Billy McFarland, co-founder of the infamous Fyre Festival, has been released from prison early. As Pitchfork reports, he is now in a New York halfway house, where he is expected to remain until 30th August.
The controversial figure was responsible for what was sold as an ultra-luxury music event set on an island in the Bahamas. Taking place in 2017, many Fyre ticket holders were unable to reach the location as the promised private flights were oversubscribed and under-resourced. Others were left stranded at a half-built site with no facilities upon arrival.
Two films, Netflix's Fyre: The Greatest Party That Never Happened and Hulu's Fyre Fraud, documented the build up to the catastrophic event and its aftermath in-depth, revealing that many local workers and business owners contracted by the festival lost huge amounts of money. Several of these were never properly compensated, although crowd funders were set up to reimburse some victims.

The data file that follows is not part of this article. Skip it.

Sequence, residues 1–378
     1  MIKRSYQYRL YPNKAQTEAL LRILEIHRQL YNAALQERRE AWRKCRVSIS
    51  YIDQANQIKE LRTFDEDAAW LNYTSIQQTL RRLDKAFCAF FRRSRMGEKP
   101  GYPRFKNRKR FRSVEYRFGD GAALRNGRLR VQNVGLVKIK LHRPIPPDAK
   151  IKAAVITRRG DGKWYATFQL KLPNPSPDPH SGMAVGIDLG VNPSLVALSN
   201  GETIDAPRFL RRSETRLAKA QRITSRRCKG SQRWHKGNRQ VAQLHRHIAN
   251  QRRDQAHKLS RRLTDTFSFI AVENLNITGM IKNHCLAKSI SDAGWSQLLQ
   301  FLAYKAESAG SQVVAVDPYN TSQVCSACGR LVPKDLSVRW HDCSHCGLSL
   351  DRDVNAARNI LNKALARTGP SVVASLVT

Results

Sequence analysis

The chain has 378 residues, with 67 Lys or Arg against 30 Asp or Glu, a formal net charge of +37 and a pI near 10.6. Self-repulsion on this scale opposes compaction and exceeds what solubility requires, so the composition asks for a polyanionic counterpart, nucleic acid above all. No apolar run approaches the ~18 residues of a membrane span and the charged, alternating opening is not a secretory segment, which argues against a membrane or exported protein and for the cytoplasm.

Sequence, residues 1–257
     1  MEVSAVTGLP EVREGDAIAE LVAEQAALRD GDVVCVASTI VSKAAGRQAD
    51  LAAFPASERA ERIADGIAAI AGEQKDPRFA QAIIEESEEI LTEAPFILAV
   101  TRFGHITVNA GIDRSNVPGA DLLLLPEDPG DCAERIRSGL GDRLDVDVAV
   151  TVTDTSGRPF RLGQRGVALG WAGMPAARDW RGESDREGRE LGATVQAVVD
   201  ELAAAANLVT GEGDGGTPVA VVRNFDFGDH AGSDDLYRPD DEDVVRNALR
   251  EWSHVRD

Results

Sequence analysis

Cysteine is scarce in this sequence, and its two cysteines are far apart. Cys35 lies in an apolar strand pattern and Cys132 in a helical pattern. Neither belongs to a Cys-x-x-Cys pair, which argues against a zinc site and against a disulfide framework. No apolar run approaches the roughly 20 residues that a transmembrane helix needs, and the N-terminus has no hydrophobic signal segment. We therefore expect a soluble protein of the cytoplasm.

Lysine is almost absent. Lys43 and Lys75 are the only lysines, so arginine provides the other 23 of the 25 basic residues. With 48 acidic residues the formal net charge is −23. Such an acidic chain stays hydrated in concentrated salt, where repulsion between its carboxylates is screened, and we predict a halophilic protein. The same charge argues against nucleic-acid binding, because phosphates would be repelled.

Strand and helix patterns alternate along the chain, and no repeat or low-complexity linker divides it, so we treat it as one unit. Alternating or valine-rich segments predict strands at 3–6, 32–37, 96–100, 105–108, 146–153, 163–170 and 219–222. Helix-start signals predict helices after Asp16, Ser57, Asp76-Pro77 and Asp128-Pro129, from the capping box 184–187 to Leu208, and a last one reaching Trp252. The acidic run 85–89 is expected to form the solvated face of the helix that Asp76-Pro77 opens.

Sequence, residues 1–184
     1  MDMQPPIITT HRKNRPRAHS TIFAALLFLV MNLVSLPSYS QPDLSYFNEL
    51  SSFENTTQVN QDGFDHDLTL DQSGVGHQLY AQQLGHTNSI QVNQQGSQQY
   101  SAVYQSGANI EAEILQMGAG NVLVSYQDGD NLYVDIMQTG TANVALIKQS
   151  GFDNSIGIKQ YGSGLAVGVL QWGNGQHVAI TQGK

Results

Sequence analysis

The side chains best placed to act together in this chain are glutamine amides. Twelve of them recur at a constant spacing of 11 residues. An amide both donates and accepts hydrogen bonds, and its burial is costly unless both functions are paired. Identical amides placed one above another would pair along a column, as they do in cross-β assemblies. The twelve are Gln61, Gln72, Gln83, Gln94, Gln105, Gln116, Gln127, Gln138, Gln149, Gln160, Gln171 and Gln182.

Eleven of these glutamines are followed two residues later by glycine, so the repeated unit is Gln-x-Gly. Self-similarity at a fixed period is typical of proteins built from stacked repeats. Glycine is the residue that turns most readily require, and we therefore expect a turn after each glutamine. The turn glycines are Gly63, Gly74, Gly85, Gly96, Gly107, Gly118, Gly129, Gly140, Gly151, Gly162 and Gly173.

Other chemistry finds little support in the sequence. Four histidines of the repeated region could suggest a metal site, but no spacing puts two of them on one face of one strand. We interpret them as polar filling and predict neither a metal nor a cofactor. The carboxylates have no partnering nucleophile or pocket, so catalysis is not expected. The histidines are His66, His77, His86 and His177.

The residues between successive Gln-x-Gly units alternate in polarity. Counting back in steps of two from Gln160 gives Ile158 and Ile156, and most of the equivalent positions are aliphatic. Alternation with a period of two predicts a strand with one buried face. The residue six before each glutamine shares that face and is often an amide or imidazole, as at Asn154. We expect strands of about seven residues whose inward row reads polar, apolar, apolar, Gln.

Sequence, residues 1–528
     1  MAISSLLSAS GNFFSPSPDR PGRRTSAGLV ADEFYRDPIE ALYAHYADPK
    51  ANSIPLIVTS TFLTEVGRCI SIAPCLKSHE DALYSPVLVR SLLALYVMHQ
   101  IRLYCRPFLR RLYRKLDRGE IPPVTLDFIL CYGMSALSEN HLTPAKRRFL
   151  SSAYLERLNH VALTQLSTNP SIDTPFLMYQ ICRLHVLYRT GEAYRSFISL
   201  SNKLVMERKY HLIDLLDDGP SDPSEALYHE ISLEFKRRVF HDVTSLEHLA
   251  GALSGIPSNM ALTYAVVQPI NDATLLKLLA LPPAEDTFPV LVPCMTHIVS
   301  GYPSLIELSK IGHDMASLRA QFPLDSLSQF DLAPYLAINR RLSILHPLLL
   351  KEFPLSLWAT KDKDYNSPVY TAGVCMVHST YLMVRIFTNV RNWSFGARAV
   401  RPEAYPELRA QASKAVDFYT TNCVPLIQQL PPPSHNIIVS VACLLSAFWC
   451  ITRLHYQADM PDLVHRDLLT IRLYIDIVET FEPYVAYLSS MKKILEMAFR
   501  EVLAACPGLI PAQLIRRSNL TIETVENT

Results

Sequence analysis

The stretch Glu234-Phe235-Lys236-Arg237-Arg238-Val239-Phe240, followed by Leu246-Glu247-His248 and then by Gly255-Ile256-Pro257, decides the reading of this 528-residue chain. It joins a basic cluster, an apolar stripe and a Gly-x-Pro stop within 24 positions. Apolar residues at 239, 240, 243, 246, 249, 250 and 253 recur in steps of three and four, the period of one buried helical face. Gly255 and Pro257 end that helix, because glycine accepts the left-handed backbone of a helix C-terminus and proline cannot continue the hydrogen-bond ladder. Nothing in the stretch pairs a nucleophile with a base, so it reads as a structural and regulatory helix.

In May 2017, McFarland was sued alongside Fyre co-founder, rapper Ja Rule, for $100million in a class action law suit on behalf of festival goers. In March 2018 McFarland was sentenced to six years in a federal prison for multiple counts of fraud, having taken around $27million from investors through marketing and sales prior to the event.
A number of headliners that were billed to perform, including Major Lazer and Disclosure, alongside several influencers involved in promoting the event, settled a separate legal action in 2021 after a trustee overseeing the company's bankruptcy filed to reclaim artist fees. The same year, Ja Rule sold a Fyre Festival oil painting as an NFT for $122,000.
Early in the pandemic, McFarland appealed for early release due to concerns about the spread of coronavirus among inmates, a request that was denied. Despite his incarceration, he then recorded the 'Dumpster Fyre' podcast from his cell in Elkington, Ohio, leading to a six month spell in solitary confinement. Having subsequently been moved to a facility in Michigan, he has now been released into the care of Residential Reentry Management New York, which oversees temporary accommodation for people leaving the prison system.